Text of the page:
The easier way is to rely on real analysis. Let $x=\sin(t)$. We then have the integral to be \begin{align} I & = \int_{-\pi/2}^{\pi/2} \dfrac{\cos(t)dt}{\cos(t) (1+\sin^2(t))}\\ & = \int_{-\pi/2}^{\pi/2} \dfrac{dt}{1+\sin^2(t)}\\ & = \sum_{k=0}^{\infty}(-1)^k \int_{-\pi/2}^{\pi/2} \sin^{2k}(t)dt\\ & = 2\sum_{k=0}^{\infty}(-1)^k \dfrac{\pi}{2^{2k+1}} \dbinom{2k}k\\ & = \pi \sum_{k=0}^{\infty} \left(-\dfrac14\right)^k \dbinom{2k}k \end{align} We have $$\sum_{k=0}^{\infty} x^k \dbinom{2k}k = \dfrac1{\sqrt{1-4x}} \text{ for }-1/4\leq x < 1/4$$ Hence, $$I = \dfrac{\pi}{\sqrt2}$$

• Thanks, but am not a student of pure maths, so it would be great to do it in other way around. – Roshan Shrestha Nov 18 '14 at 2:40
• @RoshanShrestha If you are not a pure math student, then I would believe that my technique is much easier than the complex analysis technique. – Adhvaitha Nov 18 '14 at 2:42
• Yeap, but I still have to solve it through complex analysis – Roshan Shrestha Nov 18 '14 at 2:43
• I think the complex analysis technique is easier. I only have to evaluate two residues and I am done without substitutions and a series. – dustin Nov 18 '14 at 3:22
• @dustin "easier" is a relative term. Complex analysis involves more machinery than simple real analysis. – Adhvaitha Nov 18 '14 at 3:24

We will do the residue calculation since it is necessary to conclude on this problem.

Suppose we seek to compute $$Q = \int_{-1}^{+1} \frac{dx}{\sqrt{1-x^2}(1+x^2)}.$$

Re-write this as $$\int_{-1}^{+1} \exp(-1/2\mathrm{LogA}(1+z)) \exp(-1/2\mathrm{LogB}(1-z)) \frac{1}{1+z^2} dz$$ and call the function $f(z).$

We must choose two branches of the logarithm $\mathrm{LogA}$ and $\mathrm{LogB}$ so that the cut is on the real axis from $-1$ to $+1.$ This is accomplished when $\mathrm{LogA}$ has the cut on the negative real axis and $\mathrm{LogB}$ on the positive real axis. The poles are simple so to compute the residues we merely need to evaluate the logarithms at these two points.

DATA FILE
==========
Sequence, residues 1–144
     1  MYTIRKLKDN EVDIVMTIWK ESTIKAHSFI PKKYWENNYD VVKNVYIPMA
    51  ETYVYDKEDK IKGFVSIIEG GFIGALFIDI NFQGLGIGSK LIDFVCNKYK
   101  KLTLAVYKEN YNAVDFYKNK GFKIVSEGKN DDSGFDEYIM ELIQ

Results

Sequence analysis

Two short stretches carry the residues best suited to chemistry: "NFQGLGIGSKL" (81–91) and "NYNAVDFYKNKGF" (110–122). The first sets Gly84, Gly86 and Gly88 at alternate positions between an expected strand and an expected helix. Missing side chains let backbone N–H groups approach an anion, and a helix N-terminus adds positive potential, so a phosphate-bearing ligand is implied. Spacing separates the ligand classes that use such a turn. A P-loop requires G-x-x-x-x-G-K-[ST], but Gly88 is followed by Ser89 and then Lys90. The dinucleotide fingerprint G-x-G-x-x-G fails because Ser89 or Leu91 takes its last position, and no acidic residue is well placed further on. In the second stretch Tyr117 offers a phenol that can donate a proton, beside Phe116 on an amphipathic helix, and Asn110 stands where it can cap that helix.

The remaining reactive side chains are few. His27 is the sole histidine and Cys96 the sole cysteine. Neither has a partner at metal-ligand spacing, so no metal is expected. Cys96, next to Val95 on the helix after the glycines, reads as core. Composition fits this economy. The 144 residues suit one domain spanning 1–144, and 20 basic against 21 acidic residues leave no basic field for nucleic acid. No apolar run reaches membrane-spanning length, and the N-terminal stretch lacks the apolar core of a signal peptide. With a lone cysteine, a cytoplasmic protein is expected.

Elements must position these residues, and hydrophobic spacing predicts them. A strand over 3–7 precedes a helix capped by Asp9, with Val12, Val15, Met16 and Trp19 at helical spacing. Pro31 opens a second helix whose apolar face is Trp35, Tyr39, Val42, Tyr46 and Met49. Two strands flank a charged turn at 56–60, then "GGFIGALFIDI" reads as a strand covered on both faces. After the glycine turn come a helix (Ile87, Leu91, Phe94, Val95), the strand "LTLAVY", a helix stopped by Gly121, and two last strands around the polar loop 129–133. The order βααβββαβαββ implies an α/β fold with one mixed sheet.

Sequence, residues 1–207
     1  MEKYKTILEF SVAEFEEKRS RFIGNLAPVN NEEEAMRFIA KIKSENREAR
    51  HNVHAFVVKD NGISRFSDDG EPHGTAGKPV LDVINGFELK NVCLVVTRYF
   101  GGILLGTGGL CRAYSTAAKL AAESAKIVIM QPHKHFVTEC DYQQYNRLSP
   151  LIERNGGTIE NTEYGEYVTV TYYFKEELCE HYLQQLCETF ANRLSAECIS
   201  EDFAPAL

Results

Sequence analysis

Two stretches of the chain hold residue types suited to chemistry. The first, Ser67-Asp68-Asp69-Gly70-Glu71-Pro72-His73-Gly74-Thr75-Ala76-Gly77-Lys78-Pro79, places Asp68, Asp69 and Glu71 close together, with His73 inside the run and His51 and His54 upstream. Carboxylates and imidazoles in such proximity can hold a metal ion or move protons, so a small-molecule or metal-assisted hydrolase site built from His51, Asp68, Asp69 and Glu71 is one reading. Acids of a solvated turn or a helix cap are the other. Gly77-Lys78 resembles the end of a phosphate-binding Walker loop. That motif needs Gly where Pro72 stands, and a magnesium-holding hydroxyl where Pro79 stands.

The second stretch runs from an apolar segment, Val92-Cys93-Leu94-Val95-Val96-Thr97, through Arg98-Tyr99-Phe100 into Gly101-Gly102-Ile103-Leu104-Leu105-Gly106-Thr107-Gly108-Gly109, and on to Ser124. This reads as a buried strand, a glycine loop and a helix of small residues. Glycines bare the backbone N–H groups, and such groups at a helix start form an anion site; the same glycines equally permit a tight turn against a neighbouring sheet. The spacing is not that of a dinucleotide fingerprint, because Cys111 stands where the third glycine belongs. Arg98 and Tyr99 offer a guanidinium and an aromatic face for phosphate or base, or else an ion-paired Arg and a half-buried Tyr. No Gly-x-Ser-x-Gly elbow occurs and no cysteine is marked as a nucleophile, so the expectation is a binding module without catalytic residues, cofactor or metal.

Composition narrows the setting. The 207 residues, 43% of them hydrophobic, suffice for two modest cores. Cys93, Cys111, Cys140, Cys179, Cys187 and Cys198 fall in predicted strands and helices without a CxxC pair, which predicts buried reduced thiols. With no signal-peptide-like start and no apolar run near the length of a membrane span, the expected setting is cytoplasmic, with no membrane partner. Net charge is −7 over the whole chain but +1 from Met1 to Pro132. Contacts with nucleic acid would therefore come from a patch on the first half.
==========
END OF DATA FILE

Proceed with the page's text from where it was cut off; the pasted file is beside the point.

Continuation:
For the first one at $\rho_0=i$ we put $$1+i = \sqrt{2} e^{1/4\pi i}$$ and $$1-i = \sqrt{2} e^{7/4\pi i}$$ to get the residue $$\frac{1}{2i} \exp(-1/2\times \log\sqrt{2} -1/2\times 1/4\pi i) \exp(-1/2\times \log\sqrt{2} -1/2\times 7/4\pi i) \\ = \frac{1}{2i} \exp(-\log\sqrt{2} - \pi i) = - \frac{1}{2i\sqrt{2}}.$$

For the second one at $\rho_1=-i$ we put $$1+(-i) = \sqrt{2} e^{-1/4\pi i}$$ and $$1-(-i) = \sqrt{2} e^{1/4\pi i}$$ to get the residue

$$-\frac{1}{2i} \exp(-1/2\times \log\sqrt{2} +1/2\times 1/4\pi i) \exp(-1/2\times \log\sqrt{2} -1/2\times 1/4\pi i) \\ = - \frac{1}{2i} \exp(-\log\sqrt{2}) = - \frac{1}{2i\sqrt{2}}.$$

Now using the dogbone contour shown in the accepted answer and traversed counterclockwise we pick up $2Q.$ This is because for $x\in(-1,1)$ we get above the cut the value $$\exp(-1/2\log (1+x))\exp(-1/2\log (1-x) -1/2\times 2\pi i) = - \frac{1}{\sqrt{1-x^2}}$$ and below the cut $$\exp(-1/2\log (1+x))\exp(-1/2\log (1-x)) = \frac{1}{\sqrt{1-x^2}}.$$

Therefore $$2Q= -2\pi i \left(\mathrm{Res}_{z=i} f(z) + \mathrm{Res}_{z=-i} f(z) + \mathrm{Res}_{z=\infty} f(z)\right).$$

The residue at infinity is zero because $f(z)$ is $O(1/R^3)$ on the circle.

This gives $$2Q = - 2\pi i \left(- \frac{1}{2i\sqrt{2}} - \frac{1}{2i\sqrt{2}}\right) = \pi \frac{2}{\sqrt{2}} \quad\text{or}\quad Q = \frac{\pi}{\sqrt{2}}.$$

In order to be rigorous we also need to show continuity across the two overlapping cuts on $(-\infty, -1)$ as shown in this MSE link.

Remark. It really helps to think of the map from $z$ to $-z$ as a $180$ degree rotation when one tries to visualize what is happening here.